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Mexican archaeologists excavate 1,600 year-old shaft tomb in the State of Zacatecas
Under the layers of earth they found the osseous remains of 28 individuals. Photo: INAH.

Translated by: Cristina Perez Ayala

ZACATECAS.- Although it has been known since the 1950’s that inhabitants in the southern part of Zacatecas participated in the tradition of shaft tombs, there hadn’t been a chance for the systematic excavation of these funerary contexts, until experts at the National Institute of Anthropology and History (INAH) attended the municipality of Valparaiso in order to make an archaeological salvage of one.

Under the narrow ledge of the asphalted path that leads to La Florida, an archaeological team coordinated by investigator Laura Solar discovered in 2009 the contents of a chamber that –unlike other registries of shaft tombs in this place– had remained unaltered for at least 1,600 years.

“Everything indicates that two centuries before our era and 400 after Christ’s, the societies that populated this area shared many cultural patterns with western societies, particularly those in Jalisco, but also those in Michoacan and Nayarit”, observed the specialist.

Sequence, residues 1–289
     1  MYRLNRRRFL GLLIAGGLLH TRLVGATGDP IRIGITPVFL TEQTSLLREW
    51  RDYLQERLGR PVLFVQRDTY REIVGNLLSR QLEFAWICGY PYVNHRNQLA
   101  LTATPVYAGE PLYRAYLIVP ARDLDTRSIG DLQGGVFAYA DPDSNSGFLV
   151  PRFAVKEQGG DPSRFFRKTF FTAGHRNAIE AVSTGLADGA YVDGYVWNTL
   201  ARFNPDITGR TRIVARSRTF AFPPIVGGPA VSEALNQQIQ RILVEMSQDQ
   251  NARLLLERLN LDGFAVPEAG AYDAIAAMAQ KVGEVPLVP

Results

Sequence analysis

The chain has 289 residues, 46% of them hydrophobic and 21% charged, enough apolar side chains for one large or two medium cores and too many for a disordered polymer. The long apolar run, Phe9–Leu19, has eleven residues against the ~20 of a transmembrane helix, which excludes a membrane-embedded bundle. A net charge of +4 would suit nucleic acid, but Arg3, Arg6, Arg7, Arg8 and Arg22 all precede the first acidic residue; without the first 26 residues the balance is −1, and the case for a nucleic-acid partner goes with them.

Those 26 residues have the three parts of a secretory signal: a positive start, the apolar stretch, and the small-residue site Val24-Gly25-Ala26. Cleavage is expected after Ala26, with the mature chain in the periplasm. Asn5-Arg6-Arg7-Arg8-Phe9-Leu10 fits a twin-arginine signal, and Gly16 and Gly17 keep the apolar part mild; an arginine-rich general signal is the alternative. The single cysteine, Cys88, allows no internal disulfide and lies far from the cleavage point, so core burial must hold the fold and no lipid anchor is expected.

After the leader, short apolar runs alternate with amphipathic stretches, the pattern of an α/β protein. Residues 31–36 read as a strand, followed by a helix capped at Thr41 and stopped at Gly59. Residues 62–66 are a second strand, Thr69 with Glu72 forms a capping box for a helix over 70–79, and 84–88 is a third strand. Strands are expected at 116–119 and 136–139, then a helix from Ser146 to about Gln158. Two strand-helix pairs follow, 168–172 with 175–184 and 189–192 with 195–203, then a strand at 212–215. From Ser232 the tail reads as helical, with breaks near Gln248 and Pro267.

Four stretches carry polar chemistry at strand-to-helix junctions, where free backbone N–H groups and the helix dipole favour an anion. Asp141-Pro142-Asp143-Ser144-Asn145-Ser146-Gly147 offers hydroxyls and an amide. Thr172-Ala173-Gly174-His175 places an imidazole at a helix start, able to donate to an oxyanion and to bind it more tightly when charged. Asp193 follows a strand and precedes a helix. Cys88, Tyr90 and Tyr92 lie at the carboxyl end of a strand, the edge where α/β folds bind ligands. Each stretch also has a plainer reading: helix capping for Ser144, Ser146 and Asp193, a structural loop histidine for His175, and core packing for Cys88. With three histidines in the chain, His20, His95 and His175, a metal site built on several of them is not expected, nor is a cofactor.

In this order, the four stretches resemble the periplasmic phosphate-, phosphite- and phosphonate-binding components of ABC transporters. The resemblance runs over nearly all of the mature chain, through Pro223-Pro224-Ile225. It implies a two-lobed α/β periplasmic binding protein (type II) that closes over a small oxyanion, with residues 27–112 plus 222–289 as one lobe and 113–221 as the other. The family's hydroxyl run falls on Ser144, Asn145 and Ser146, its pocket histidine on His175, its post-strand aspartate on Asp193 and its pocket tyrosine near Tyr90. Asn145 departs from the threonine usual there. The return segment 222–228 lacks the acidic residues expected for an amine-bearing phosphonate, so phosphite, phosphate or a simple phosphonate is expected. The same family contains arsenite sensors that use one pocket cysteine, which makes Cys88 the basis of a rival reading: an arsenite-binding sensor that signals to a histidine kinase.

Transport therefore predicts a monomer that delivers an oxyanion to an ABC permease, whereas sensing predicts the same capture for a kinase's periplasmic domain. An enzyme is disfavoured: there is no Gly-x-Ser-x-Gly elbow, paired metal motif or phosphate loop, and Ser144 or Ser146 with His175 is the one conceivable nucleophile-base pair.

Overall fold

Under the layers of earth they found the osseous remains of 28 individuals, according to the cranium count. The skeletons correspond mainly to adults, although they have identified what they believe are two adolescents and eight infants.

Archaeologists were startled to find two protection handles elaborated with shells which corresponded to the belief that a series of battles would happen after death, which is why some of their dead were armed for this ritual.

An interesting aspect about it was that most of the skeletons were displayed in an extended manner, expect for a character placed in fetal position. This evidently signals there were at least two moments of activity in the chamber.

“We don’t know if the other individuals were placed simultaneously. There is a discussion to whether or not the shaft tombs contain the remains of sacrificed people; those who died in a simultaneous event; if they are consecutive burials of people related to each other or people with a similar sociopolitical status”.

The abundance of materials in the tomb correspond to three snail shells, two of which were modified to act as trumpets, a shell bracelet, and millions of beads made of distinct materials (possibly in order to imitate the shell). Great part of these elements have been stabilized and restored.

They have also recovered two projectile tips, a bodkin and a fragment of a needle elaborated with bone.

Laura Solar added that all these elements mean to signal that the south of Zacatecas shared cultural traits with the western areas, leading her to conclude there was extensive exchange along the Pacific coast.

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